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Marilla North Marilla North i(A19702 works by)
Born: Established: 1945 Newcastle, Newcastle - Hunter Valley area, New South Wales, ;
Gender: Female
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BiographyHistory

Marilla North attended Newcastle Girls' High School where Dymphna Cusack had been a schoolteacher sixteen years previously. Her poetry as a young adult was regularly published in the Canberra Times.

In 1976, while working at the Film and Television School in Sydney, North met Julie James Bailey, (daughter of Florence James), who was researching the viability of turning Come In Spinner into a movie. North helped design the research study and her earlier interest in the friendship between Cusack and James became a long-term project.

An Arts graduate from the University of New England, North completed postgraduate studies in psychology, media and drama at Macquarie and Sydney Universities, conducted research studies for the ABC and the Australian Film, Television and Radio School and completed an MA (Hons) in post-colonial literature at Wollongong University. Her PhD candidature has been undertaken at the University of Queensland: the first volume of the planned biographical trilogy that was the focus of this research was published in 2017. It followed North's original hybrid narrative, Yarn Spinners: A Story in Letters -- Dymphna Cusack, Miles Franklin and Florence James, which was published in 2001 and won the FAW Biography Prize.

North is a freelance features journalist and reviewer, and teaches literature and writing skills.

Most Referenced Works

Awards for Works

y separately published work icon Yarn Spinners : A Story in Letters : Dymphna Cusack, Florence James, Miles Franklin St Lucia : University of Queensland Press , 2001 Z899867 2001 anthology correspondence biography From the correspondence between Cusack, James and Franklin across the years 1928 to the death of Franklin in 1954, Yarn Spinners: A Story in Letters has been shaped by a process of selection, editing, weaving and providing narrative links in order to develop a continuous narrative of the friendship, collaborations and inter-related lives of these three Australian women writers. The Prologue gives a biographical overview of each of their lives. Each of the five narrative Parts is briefly prefaced with its socio-historical context.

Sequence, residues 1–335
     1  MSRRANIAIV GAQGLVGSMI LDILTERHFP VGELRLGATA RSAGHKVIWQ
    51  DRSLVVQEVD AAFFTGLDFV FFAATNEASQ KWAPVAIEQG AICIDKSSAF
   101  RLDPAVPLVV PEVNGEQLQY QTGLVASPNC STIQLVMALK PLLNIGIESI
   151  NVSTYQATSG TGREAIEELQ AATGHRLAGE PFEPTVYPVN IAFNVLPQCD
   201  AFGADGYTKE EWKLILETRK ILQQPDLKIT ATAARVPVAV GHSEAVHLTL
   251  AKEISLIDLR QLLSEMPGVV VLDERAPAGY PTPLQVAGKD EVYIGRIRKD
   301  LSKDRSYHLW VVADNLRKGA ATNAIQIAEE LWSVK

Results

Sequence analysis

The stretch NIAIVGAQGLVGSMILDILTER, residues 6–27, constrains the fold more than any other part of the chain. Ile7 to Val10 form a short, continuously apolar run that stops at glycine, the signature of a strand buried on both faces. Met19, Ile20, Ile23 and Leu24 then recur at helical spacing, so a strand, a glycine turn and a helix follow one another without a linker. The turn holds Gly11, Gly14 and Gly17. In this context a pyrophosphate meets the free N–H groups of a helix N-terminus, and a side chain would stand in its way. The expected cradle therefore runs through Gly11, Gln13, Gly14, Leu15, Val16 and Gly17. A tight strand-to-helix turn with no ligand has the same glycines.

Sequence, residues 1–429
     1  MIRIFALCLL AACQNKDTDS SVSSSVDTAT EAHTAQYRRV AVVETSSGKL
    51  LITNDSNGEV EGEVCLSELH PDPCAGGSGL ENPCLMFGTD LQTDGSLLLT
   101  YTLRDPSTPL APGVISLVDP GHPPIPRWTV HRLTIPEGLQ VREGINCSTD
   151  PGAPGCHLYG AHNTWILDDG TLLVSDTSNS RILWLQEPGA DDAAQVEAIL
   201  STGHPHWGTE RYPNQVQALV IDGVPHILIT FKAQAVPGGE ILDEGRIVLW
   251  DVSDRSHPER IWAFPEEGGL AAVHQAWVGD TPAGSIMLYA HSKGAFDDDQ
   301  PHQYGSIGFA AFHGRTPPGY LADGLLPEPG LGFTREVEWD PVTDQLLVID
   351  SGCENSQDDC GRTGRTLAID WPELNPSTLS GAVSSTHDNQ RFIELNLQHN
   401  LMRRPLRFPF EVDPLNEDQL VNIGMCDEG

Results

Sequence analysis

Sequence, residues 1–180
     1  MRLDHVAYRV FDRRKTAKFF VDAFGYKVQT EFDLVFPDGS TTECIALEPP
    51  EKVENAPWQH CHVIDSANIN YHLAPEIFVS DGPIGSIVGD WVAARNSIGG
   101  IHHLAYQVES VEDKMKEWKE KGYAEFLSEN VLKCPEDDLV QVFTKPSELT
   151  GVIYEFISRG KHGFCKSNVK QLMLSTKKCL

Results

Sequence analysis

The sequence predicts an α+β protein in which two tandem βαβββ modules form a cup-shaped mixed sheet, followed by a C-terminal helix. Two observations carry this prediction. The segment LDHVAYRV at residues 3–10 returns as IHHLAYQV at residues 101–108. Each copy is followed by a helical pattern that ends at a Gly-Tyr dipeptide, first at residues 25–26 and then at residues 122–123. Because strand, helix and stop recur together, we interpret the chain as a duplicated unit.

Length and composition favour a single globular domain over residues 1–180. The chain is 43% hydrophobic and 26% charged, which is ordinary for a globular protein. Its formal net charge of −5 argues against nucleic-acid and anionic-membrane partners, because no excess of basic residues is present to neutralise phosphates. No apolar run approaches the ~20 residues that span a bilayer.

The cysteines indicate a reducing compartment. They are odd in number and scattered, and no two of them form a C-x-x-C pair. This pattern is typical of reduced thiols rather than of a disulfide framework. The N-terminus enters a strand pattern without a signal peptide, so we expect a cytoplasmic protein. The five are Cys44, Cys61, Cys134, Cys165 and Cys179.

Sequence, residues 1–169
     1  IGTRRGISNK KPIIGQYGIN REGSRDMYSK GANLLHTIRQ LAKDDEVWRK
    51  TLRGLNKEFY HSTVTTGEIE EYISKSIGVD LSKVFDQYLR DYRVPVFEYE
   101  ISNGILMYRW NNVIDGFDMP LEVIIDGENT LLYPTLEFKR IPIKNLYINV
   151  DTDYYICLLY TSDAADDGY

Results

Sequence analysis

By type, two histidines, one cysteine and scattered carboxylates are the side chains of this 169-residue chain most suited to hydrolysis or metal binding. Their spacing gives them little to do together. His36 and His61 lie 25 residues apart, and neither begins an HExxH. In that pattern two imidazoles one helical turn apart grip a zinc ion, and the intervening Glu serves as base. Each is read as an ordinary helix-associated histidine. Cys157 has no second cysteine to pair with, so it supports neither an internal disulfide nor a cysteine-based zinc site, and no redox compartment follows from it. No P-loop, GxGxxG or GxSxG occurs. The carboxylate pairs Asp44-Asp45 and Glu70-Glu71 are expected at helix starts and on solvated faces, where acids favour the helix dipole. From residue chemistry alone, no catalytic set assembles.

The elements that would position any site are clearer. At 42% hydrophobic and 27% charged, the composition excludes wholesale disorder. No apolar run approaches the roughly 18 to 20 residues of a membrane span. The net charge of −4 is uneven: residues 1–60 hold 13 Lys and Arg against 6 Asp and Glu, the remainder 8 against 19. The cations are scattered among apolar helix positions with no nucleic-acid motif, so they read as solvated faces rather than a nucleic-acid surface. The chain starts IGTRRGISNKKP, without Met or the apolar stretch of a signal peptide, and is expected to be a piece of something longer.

Part I:1928-1935 sets up the Cusack-James relationship as they write to each other as young women graduates: Cusack is teaching in remote rural NSW schools whilst James does the Grand Tour of Europe, finally settling down in London where she marries in 1933.

Part II :1938-39 establishes the friendship of Cusack and Franklin which develops during their collaboration on the scandalous sesqui-centennial satire Pioneers on Parade. In Part III:1945-47, Cusack and James, both burnt out at the end of WWII, set up a writing retreat in the Blue Mountains and collaborate on their prizewinning bestseller expose of wartime Sydney, Come In Spinner.

In Part IV: 1947-49, James returns to London and Cusack follows through the revisions demanded by the Daily Telegraph before they will award the thousand pounds prize money. Cusack is also researching her "tuberculosis novel" Say No To Death. All That Swagger is published by Angus & Robertson whilst Franklin endures her nephew's war neurosis and makes her final Will, providing for an annual [Miles] Franklin Award. In mid-1949 Cusack leaves for Europe.

In Part V:1950-55 the Cusack-Franklin-James friendships are now essentially carried through their correspondence; Come In Spinner is published to press acclaim in London, with Cusack's Say No To Death, Southern Steel and Caddie following in quick succession. Angus & Robertson finally began publishing the "Brent of Bin Bin" series. James, now divorced, rearing two daughters, begins work with London publisher Constable & Co as a reader and talent scout for Australian writers. Franklin and Cusack's friendship provides the emotional fulcrum for this final Part.

The Chronology (1879-2001) provides the facts of the lives and works; the Biographical Notes provide an inventory of most of the cast of characters who appear in the letters.

2001 winner The Fellowship of Australian Writers Victoria Inc. National Literary Awards FAW Christina Stead Award Awarded to editor Marilla North.
Last amended 17 Apr 2018 16:19:33
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